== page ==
All-purpose flour works in many baking situations, but it's not right for every cake. Flour contains protein, which forms gluten when mixed or kneaded. Gluten gives yeast breads their chewy, rustic texture, but it makes cakes tough and dry. The lower the protein content of the flour, the more tender a cake. Match the flour you use with the type of cake you're baking.
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Cake flour is the best choice when you're making a cake with a fine, tender crumb, such as pound cake, devil's food cake or sponge cake. Cake flour is milled from soft wheat, and contains between 5 and 7 percent protein. This low protein content means little gluten is formed when you mix the batter. Cake flour undergoes a bleaching process that helps it absorb moisture and provide structure to the cake. Most cakes have a high ratio of butter and sugar to flour, and can otherwise become too soft. Cake flour has a fine texture and can clump. Sift it before you mix it into the batter. Similar to cake flour, pastry flour has between 7 and 9 percent protein. It's often hard to find in the grocery store, but it can replace cake flour.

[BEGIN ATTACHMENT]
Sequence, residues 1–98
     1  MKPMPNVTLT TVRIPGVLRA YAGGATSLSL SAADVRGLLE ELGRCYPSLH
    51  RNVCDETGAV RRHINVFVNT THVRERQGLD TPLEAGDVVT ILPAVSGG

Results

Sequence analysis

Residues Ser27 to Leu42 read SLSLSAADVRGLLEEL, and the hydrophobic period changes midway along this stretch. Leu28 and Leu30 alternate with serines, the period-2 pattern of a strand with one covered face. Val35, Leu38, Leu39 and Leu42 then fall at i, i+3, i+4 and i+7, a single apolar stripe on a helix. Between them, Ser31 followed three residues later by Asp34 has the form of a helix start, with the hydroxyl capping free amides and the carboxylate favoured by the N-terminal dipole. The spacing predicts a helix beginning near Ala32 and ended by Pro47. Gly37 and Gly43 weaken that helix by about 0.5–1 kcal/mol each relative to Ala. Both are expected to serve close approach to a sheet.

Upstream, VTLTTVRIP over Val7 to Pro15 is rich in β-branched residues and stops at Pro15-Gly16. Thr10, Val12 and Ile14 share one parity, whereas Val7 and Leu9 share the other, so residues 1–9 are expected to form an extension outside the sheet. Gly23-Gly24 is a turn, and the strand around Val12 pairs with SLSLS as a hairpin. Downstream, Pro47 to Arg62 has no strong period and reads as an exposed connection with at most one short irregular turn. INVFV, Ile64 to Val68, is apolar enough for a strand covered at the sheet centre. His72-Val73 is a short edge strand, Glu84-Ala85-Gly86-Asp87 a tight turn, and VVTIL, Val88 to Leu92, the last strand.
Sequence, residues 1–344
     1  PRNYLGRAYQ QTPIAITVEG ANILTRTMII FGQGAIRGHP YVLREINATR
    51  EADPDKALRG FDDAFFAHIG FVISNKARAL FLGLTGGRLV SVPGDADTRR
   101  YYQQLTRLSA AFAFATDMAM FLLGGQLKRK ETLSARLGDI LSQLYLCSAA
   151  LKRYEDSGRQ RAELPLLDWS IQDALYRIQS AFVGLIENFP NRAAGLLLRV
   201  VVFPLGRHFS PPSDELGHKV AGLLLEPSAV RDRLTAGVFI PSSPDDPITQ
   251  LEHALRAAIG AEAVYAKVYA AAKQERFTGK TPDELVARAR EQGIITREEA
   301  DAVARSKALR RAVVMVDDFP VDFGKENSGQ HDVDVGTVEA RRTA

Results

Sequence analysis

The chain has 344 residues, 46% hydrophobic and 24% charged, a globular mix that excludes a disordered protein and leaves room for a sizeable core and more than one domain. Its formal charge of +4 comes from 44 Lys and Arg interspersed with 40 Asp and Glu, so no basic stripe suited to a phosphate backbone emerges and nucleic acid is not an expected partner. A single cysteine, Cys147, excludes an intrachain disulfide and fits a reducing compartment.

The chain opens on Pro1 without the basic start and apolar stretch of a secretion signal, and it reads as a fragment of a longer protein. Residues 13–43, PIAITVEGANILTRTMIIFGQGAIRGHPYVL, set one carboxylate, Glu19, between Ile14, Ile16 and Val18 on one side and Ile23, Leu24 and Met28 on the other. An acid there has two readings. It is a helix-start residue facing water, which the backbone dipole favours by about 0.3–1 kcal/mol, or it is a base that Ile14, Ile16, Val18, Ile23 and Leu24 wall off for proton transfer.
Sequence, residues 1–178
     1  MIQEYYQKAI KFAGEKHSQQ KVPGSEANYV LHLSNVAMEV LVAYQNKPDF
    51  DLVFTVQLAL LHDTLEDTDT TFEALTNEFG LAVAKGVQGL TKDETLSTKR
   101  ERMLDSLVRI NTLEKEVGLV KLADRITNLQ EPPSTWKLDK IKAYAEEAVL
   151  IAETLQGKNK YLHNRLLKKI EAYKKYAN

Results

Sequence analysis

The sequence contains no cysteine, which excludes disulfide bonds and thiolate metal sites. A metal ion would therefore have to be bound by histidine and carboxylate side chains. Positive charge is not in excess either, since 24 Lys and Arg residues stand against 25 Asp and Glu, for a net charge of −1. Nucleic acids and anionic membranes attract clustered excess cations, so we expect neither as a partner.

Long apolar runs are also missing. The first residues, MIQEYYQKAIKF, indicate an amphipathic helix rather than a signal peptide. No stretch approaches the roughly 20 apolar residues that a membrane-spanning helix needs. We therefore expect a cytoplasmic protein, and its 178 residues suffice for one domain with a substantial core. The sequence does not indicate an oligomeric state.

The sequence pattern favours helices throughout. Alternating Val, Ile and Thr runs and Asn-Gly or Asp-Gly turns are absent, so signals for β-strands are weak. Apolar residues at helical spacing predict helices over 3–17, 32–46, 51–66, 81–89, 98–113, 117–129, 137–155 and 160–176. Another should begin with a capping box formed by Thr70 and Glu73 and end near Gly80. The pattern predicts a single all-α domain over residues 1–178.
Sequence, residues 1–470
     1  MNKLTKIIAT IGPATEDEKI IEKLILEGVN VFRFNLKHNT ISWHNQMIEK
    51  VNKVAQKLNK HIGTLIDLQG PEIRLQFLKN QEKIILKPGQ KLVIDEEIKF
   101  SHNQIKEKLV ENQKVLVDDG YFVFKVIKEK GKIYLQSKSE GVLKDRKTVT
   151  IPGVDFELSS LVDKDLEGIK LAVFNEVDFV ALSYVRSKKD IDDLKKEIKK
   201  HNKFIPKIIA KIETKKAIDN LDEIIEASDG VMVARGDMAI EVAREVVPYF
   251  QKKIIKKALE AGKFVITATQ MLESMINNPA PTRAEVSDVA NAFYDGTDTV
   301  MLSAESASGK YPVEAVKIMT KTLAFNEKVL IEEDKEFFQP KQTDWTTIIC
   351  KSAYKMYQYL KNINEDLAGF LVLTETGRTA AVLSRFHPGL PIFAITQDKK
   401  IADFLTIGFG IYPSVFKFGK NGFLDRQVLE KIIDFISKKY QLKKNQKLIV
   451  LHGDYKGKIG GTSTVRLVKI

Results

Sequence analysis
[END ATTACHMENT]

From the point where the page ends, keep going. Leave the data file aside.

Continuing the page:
All-purpose flour, as the name implies, can be used in breads, cakes and cookies. It contains between 7 and 12 percent protein, depending on the brand. A cake made with all-purpose flour won't be quite as tender or have as fine a texture as one made from cake flour. Use it to make homey, rustic cakes, such as upside-down cake or a dense chocolate cake. Bleached all-purpose flour has less protein than unbleached flour and generally makes a tenderer cake. Bleached all-purpose flour is also a good choice when you want a pure white cake.
Nutritionally, whole-wheat flour is superior to regular all-purpose flour or cake flour because it contains both the germ and the bran. It gives cakes a slightly nutty flavor and a dense, robust texture. Use whole-wheat flour in dense fruit cakes, such as carrot or applesauce cake. If you've never worked with whole-wheat flour before, try replacing one-fourth to one-half of the all-purpose flour with whole-wheat flour. If you're satisfied with the results, use a bit more the next time.
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Unless you bake a lot, all-purpose flour is the one to keep in your pantry. This flour provides satisfactory results for almost any cake. If you can't find cake flour, use all-purpose bleached flour in delicate cakes, but omit 2 tablespoons of the flour for each 1 cup in the recipe. Don't use bread flour in cakes, because its high protein content almost ensures a tough cake. Self-rising flour is usually made from soft wheat, but it contains a leavening agent and salt, which can make it somewhat unpredictable. If you use it in a cake, omit the baking soda or baking powder and salt from the recipe.